Thoroughly recommended - and there's a hell of an ending, too. Should go read his most recent Gikuyu novel, the monumental 700-ish page Wizard of the Crow, as well. Or maybe I'll save that for my bucket list.

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Representative quote: After three days, there came other dressed in suits and ties, who, keeping clsoe to the wall of darkness, lifted the Devil down from the Cross. And they knelt before him, and they prayed to him in loud voices, beseeching him to give them a portion of his robes of cunning. And their bellies began to swell, and they stood up, and they walked towards Wariinga, laughing at her, stroking their large bellies, which had now inherited all the evils of the world..."

Next book: Nuruddin Farah's "Maps", from Somalia.

Tuesday, September 20, 2011

A dialogue

(My boyfriend is pretty well read.)

YS: What books would you recommend by Ngugi wa'Thiongo?

Mohan: Huh? What Ah Tiong?

(Turns out he's read Chinua Achebe, but not Ngugi. My mistake.)

Monday, September 12, 2011

Help me choose my Eritrea book!

At first I was 100% sure of the book I'd read for Eritrea: Senait Mehari's Heart of Fire: from Child Soldier to Soul Singer.

I mean, just look at the subtitle! Just look at it! Who wouldn't want to read a book like that? Then I decided to check out if this sensational story might be a hoax, and well...

According to this link (and the threads of many furious Eritreans),

1) Senait has publicly admitted to never having fought on the front or fired a gun, as she claimed in her book,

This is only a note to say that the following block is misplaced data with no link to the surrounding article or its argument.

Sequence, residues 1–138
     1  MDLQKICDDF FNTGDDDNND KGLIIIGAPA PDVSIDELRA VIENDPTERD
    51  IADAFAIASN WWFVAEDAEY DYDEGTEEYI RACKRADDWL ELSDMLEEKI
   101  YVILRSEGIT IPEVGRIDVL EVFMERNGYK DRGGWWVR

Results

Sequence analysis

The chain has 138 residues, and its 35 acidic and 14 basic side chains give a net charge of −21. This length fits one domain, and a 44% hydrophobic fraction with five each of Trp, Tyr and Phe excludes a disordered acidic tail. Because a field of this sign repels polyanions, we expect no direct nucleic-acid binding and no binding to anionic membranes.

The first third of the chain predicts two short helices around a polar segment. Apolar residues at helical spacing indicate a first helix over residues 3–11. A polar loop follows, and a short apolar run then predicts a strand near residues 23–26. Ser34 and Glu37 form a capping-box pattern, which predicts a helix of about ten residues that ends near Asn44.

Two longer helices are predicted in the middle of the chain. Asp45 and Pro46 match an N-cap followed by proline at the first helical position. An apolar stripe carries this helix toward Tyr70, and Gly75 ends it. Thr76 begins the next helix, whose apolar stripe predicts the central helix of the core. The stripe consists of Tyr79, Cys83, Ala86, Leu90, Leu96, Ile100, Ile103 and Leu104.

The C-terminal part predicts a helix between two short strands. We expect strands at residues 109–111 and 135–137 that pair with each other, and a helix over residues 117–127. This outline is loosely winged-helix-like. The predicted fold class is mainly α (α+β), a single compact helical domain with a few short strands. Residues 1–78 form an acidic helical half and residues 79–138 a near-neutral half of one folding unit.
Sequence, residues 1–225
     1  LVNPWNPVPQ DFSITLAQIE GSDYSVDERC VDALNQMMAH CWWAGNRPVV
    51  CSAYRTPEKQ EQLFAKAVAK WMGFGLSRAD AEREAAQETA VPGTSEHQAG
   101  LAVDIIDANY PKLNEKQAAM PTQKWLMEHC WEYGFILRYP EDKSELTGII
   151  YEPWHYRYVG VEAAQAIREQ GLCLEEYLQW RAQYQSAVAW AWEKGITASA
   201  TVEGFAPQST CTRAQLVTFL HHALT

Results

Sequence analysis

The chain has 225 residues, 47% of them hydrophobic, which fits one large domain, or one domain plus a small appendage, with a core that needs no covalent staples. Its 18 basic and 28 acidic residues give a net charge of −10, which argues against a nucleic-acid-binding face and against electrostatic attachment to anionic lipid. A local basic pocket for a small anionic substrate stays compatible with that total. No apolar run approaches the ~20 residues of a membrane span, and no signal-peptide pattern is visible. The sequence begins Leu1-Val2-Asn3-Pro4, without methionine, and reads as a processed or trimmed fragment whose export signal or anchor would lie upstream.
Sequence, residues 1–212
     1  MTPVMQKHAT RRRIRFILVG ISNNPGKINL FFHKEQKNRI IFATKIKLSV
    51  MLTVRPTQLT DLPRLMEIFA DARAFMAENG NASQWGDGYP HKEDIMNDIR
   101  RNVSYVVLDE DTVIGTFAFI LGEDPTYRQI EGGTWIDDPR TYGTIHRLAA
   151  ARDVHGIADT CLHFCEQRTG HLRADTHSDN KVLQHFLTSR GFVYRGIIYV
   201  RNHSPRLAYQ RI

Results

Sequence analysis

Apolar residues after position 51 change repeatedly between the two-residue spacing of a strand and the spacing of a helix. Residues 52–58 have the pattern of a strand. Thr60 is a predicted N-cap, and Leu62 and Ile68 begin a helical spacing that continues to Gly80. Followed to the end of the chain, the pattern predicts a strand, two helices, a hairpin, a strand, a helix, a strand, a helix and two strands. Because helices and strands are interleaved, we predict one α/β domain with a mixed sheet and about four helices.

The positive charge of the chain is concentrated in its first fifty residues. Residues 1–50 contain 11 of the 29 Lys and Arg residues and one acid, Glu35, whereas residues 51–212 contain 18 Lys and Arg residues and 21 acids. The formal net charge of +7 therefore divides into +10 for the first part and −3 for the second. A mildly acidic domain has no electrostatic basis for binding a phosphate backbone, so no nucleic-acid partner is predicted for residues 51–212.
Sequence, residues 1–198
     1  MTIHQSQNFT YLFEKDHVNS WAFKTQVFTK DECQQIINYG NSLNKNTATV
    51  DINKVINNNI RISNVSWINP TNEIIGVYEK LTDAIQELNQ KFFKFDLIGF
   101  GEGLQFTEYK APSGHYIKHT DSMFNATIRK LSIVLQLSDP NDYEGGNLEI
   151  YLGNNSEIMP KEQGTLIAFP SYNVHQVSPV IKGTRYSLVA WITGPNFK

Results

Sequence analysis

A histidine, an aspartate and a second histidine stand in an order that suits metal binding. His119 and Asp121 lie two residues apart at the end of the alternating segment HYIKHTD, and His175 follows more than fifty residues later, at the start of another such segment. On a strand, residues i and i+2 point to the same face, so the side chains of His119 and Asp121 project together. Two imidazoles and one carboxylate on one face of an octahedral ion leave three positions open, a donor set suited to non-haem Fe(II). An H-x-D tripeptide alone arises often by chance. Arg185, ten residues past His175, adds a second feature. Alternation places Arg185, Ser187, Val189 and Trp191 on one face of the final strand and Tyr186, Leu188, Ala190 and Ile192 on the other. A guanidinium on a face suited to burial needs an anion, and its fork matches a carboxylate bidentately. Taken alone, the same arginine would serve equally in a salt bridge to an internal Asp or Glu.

2) A woman named Almaz Yohannes, whom Senait claimed was the brutal military commander of a training centre and ordered children to be killed, was in reality just a 12 year-old student at the time.

So should I read it? Goodreads claims it's stylistically repetitive, too.

My only alternative at present seems to be Hannah Pool's My Father's Daughter, an account of a British adoptee returning to discover her Eritrean biological family.

It sounds like this is a pretty good book, but it's fundamentally from an outsider's point of view. Pool didn't live in Eritrea for a good portion of her life; Senait might be a lying sack of shit, but she's a hell of a lot more Eritrean.

So who do I read? I've set up a poll on the right.

Wednesday, September 7, 2011

Book 76, Uganda: “Song of Lawino & Song of Ocol” by Okot p’Bitek

I’ve actually read a bit of Song of Lawino before, in my sister’s old secondary school English textbook, if you can believe it. It was an extract from Chapter 5: “The Graceful Giraffe Cannot Become a Monkey”, in which Lawino sings of how her natural springy Afro do is different but equal to the silky straight locks of a white woman. The textbook illustrator had a fine time drawing the safari animals of her proverbs, drawing the scene where Lawino’s rival has her wig torn from her head by the spirit of a dead white woman.

Commonwealth literature, baby! It’s what us Singaporean poets were raised on.